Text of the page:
CRITICISM – After their meeting in 1944, they exchanged more than 900 incandescent letters from which springs the intensity of their love. A remarkable documentary retraces the history of this passion, from the point of view of the actress. Maria Casarès and Albert Camus, you, my life a film not to be missed, this Friday November 25 at 10:40 p.m. on France 5.
For fifteen years, from 1944 to 1959, a few weeks before the death of Albert Camus, Maria Casarès and the writer exchanged correspondence in which the intensity of their love springs forth. Nine hundred incandescent letters that speak of the fire of their encounter, the tearing of their separations, the impossible extinction of the brilliance of their connection. This correspondence was published thanks to Catherine Camus, the daughter of the Nobel Prize for Literature*. Today, the director and screenwriter Élisabeth Kapnist, who obviously likes to combine cinema and literature, offers the documentary Maria Casarès and Albert Camus, you, my life.
It tells the story from the point of view of the actress born on November 21, 1922 and died on November 22, 1996. The film is a staging of this relationship between two sacred monsters which is based on correspondence, but is enriched also the historical context and the course of the two lovers, as well as archive images. With this approach, Élisabeth Kapnist, like a storyteller, gives a lively and emotional dimension to the story, aided by the three “voices” she has chosen: it is absolutely necessary to mention Chloé Réjon (the narrator), Natalia Dontcheva (voice de Casarès) and Loïc Corbery (voice of Camus, what a wink when you know that the character of First Man is called Cormery). As much to say it right away: this film is a great success. It’s even fascinating, in many ways.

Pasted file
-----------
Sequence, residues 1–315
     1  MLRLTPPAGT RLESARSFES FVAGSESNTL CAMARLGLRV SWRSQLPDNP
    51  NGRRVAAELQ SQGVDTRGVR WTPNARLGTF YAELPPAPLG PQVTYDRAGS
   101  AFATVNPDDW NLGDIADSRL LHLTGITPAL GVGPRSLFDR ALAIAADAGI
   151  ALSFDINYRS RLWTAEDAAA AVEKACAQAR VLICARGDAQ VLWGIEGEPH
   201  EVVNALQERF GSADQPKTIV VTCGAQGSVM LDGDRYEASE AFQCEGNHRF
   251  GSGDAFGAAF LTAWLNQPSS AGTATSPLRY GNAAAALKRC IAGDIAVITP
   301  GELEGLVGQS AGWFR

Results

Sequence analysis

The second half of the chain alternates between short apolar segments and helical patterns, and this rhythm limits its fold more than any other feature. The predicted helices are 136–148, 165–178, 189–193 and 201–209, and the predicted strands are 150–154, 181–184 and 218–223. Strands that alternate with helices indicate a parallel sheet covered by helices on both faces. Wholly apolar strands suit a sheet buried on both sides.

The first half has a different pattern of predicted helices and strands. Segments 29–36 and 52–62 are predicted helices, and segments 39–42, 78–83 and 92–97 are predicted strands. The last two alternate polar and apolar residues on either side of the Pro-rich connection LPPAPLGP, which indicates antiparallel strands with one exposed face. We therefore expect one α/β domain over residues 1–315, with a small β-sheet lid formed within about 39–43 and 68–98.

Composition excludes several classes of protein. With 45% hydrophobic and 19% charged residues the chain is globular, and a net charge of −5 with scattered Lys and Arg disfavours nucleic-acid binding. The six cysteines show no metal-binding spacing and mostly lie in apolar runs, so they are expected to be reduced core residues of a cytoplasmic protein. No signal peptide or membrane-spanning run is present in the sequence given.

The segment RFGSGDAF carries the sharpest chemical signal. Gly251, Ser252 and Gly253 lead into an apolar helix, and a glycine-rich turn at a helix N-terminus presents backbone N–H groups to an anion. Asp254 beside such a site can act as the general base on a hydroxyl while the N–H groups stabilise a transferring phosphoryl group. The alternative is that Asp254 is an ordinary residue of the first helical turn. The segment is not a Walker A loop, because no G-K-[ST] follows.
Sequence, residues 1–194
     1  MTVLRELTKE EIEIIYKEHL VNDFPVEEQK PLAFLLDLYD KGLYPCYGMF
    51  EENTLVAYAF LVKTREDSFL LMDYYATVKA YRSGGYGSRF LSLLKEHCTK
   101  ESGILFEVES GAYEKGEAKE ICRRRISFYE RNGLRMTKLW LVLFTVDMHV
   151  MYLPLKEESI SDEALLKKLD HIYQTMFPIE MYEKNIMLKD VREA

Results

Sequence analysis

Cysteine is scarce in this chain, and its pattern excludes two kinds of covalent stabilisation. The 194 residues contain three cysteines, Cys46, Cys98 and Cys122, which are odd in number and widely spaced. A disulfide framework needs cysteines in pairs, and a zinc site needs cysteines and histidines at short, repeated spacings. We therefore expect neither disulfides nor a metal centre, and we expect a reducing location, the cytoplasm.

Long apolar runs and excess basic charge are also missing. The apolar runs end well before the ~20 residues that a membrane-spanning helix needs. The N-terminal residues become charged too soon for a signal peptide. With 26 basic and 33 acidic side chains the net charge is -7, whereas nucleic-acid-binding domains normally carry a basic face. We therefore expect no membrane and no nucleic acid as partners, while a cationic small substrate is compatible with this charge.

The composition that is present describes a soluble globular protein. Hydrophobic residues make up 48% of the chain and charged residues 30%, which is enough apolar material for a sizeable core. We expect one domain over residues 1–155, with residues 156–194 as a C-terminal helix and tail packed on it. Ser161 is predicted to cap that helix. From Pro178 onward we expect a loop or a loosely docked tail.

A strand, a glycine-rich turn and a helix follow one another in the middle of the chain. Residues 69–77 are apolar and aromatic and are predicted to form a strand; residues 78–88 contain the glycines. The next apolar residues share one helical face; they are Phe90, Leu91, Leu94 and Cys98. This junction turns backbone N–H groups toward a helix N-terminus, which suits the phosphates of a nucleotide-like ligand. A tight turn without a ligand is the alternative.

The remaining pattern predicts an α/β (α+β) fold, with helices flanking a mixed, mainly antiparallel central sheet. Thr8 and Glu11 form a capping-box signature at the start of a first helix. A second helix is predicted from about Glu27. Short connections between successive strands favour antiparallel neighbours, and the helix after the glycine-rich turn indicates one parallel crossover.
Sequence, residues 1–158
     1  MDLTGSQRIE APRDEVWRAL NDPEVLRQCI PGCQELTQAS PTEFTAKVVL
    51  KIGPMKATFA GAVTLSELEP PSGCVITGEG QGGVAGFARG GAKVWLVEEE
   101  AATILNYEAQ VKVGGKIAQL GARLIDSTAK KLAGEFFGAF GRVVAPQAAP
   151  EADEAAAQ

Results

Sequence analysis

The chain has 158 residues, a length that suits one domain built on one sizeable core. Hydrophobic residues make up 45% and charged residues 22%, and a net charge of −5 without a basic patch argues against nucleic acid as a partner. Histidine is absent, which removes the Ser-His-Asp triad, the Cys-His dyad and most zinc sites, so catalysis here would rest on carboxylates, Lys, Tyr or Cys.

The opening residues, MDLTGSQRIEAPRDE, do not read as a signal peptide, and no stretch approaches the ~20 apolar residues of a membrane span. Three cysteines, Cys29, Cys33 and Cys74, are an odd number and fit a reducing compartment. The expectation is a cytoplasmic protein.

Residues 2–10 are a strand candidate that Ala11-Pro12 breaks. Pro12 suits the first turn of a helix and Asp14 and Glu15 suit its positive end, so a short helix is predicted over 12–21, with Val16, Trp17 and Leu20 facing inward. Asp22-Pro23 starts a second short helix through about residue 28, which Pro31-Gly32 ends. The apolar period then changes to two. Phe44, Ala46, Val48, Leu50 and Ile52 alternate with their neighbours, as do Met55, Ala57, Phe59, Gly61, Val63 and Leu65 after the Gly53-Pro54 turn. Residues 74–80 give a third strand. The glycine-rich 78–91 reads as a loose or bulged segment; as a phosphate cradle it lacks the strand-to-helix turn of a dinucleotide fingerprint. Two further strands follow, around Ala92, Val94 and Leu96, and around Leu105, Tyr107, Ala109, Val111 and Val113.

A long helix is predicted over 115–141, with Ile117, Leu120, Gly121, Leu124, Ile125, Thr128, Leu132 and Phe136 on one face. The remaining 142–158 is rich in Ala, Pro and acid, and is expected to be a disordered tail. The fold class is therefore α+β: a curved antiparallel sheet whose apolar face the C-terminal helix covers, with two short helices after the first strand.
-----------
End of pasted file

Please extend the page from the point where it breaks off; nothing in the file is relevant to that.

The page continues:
It all started in 1944. Maria Casarès and Albert Camus only crossed paths during an evening at the Leiris. Both are at the dawn of a career that will take each to the top. She is just over 20, he is 30. The Algerian-born writer has published The Stranger. The actress exiled from her native Galicia is noticed by the great playwrights. They share two passions: Spain and the theatre.
On June 6, 1944, D-Day, they meet, reveal themselves and spend the night together. Both know the tear of leaving their country, it brings them closer. Maria’s family had to flee Franco. She takes French lessons, falls in love with the language, to the point where she will become, with her delicious accent, one of the greatest standard bearers. The lovers live two years of love madness. We would have forgotten that the writer and playwright is nevertheless married. The war ends. Francine Camus, who remained in Oran, joined her husband in Paris. Maria Casarès, with a heavy heart, chooses to break up – at that moment, we realize how much this woman with a volcanic temperament is endowed with an integrity and an ethics that command admiration. To forget her lover, she takes refuge in “this magic fire that is the theater”…
Happiness, storms, calms…
On June 6, 1948, two years to the day, after their first night, they met again in Saint-Germain-des-Prés. They will never leave each other, even if they move away at times. Their romantic relationship is intimately linked to their theatrical activity. It is difficult to sum up such a rich, intense and complex story. Happiness, storms, calm… The beauty of their love is as strong as that of their words. Camus writes to Casares: “For me, you have always been the genius of life, its glory, its courage, its patience and its brilliance. You laughed when I told you that you taught me to live…” Maria, who has so often embodied death in the theater, replies: We were burning the days that were given to us.”
* Albert Camus-Maria Casarès, Correspondence 1944-1959, Foreword by Catherine Camus (Folio).